Newberry Art Tutorials
If the artist is going to convey reality, getting the forms right are absolutely essential. The realist artist is also at a disadvantage, in that if they present real objects, these objects have to have believable forms. As simple as forms look in art, they are one of the most difficult things to accomplish.
For example, no spectator is going to believe that the woman’s breasts were concaved, or that the sphere was flat.
You might have heard it said that if you can draw an egg, you can draw anything. There is quite a bit of truth to that statement. So, let’s start with an egg.
For this demo, I used a real egg as the model. I outlined it in a middle-gray tone, not in black.
Many amateur artists outline the edges of objects with very dark lines and forget about the form that made the edge; the result is that it flattens the shape, almost irreparably.
If artists can hold in their minds that the edge is the completion of the form, it will help them a great deal.
To show you what I mean, I have taken the outlined egg and stuck it inside of a transparent box.
The “X’s” mark the points where the egg meets the sides, top, and bottom of the box. The bold “X” is the closest to us, and the other 4 “X’s” are half-way to the back of the box.
I marked the closer edges of the box much darker than the outline of the egg in order to show that the sides of the egg are further away than the front.
The first thing to grasp about round forms is that the edges on the side are further away from us. It is what is in-between the edges that expands and comes towards us.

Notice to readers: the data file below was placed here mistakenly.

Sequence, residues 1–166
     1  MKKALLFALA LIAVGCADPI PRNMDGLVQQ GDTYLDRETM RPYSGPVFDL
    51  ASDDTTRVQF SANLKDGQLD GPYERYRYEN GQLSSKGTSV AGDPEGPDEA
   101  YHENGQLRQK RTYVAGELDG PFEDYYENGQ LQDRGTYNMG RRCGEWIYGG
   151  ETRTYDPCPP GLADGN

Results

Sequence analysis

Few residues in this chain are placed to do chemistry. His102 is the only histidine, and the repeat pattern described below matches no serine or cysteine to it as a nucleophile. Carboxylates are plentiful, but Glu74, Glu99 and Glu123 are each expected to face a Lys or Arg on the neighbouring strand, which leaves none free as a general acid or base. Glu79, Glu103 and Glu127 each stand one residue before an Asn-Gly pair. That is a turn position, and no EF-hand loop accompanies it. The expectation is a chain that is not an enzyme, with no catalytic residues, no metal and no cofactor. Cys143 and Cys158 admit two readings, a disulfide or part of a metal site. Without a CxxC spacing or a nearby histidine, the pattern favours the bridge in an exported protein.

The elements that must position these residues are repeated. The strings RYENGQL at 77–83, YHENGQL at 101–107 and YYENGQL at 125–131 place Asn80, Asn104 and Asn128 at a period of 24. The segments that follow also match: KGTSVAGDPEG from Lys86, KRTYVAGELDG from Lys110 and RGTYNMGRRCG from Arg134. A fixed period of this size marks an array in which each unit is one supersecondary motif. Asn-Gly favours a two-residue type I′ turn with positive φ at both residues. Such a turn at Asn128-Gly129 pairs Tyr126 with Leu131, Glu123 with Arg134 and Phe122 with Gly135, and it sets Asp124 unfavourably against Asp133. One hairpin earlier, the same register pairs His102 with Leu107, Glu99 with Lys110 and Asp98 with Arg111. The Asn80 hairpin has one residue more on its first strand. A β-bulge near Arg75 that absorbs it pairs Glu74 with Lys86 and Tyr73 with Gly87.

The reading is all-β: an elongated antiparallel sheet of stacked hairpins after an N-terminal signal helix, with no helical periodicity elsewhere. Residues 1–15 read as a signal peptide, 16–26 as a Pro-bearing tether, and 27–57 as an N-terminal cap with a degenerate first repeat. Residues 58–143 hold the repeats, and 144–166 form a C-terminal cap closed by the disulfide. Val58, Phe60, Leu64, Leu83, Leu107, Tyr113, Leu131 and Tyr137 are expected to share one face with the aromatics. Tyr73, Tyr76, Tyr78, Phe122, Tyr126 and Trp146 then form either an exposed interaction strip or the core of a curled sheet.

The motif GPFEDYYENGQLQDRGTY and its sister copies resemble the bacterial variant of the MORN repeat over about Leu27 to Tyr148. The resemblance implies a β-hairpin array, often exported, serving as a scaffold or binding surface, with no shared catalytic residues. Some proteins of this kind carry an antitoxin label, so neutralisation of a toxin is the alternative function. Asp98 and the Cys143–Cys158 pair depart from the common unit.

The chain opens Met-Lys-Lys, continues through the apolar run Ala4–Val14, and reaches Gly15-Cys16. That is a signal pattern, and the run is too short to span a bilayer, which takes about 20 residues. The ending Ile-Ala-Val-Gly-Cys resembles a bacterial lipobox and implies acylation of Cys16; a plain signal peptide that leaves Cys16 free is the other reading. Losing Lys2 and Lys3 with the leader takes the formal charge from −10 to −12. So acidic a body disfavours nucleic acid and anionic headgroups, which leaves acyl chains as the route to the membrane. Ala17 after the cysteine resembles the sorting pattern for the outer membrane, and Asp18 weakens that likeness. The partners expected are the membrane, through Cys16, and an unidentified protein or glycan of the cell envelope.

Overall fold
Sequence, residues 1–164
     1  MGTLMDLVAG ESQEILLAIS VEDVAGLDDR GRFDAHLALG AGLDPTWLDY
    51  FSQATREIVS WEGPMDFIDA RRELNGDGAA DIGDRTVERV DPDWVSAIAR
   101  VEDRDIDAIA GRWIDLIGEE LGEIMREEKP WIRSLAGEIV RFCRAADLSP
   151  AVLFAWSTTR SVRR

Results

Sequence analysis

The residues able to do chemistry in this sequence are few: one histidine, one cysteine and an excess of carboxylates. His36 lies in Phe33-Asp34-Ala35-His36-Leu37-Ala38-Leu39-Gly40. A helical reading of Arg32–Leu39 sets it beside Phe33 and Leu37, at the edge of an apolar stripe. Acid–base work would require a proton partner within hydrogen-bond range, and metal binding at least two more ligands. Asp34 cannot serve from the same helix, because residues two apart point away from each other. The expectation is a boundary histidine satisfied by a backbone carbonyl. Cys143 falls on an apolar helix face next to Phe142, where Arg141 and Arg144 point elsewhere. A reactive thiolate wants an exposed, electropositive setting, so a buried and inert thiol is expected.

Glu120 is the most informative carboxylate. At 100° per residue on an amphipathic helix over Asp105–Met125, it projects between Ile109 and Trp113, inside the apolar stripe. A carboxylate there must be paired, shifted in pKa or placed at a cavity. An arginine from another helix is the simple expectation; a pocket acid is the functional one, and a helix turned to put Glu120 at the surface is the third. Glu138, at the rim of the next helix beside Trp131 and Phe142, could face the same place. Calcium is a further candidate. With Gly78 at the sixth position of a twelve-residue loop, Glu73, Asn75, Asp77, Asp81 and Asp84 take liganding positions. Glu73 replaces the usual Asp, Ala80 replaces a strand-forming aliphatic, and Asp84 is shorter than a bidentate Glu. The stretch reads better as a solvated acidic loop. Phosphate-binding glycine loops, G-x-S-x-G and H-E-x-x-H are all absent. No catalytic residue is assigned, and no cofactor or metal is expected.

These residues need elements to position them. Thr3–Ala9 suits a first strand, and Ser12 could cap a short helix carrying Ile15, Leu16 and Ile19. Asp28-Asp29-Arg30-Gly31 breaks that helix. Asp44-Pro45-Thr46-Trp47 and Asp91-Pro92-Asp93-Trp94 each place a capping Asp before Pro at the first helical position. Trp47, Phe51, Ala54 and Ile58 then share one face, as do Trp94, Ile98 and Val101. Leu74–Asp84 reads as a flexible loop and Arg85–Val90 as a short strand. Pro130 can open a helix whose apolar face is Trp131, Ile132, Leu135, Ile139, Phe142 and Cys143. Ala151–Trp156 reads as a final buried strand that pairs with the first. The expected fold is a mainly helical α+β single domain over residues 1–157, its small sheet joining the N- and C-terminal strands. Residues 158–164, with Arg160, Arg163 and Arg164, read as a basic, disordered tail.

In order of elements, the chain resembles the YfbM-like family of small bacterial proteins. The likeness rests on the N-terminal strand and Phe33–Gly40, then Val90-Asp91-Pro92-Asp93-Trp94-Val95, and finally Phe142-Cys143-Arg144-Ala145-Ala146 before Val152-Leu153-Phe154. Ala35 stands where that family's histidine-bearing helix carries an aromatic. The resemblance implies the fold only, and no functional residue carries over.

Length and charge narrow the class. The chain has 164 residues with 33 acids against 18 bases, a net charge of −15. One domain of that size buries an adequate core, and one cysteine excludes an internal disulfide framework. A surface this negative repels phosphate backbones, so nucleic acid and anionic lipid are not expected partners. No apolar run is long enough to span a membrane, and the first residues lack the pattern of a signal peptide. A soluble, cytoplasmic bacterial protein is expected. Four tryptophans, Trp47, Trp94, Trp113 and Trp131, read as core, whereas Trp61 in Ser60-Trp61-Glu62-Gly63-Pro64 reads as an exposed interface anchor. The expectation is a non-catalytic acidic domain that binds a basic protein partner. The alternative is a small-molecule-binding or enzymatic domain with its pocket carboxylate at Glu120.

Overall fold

Here is a bird’s eye view of the box and egg. We are looking down as if at a floor plan.
A great tool to “see” form is to imagine reaching out with your hand and figuring what are spatially the first, second, and third things you will touch.
In this case, it is the center of the egg that is the closest to the hand, marked with an “X”.
Once you can see how forms expand towards us, you have mastered part of the form problem.
Now the really hard part begins. Molding the egg with line or tone is really difficult. Here you can see that I am using a cross-hatching technique. The lines (mark making) go around the form, sometimes overlapping (cross-hatching).
There is no sure-fire way to make these lines successful, but I find the best way to do this is to imagine that you are massaging the egg, or whatever form it is, with your thumb.
I literally will hold out my thumb and imagine it gliding gently over the forms. Whatever direction my thumb takes, I will make my drawing marks go in the same direction.
There is a point when drawing feels like literally caressing the form, and not merely scratching the paper.
When I have taught this massaging technique to classes, of up to 22 students, I have always gotten amazing results. Aside from understanding how to draw forms, the students have drawn the forms in their unique “voice.” I am convinced that when they concentrated on massaging the form, the pencil’s touch became personal.
Give this technique a go and I am sure you will benefit from it.
New York, January 14th, 2007
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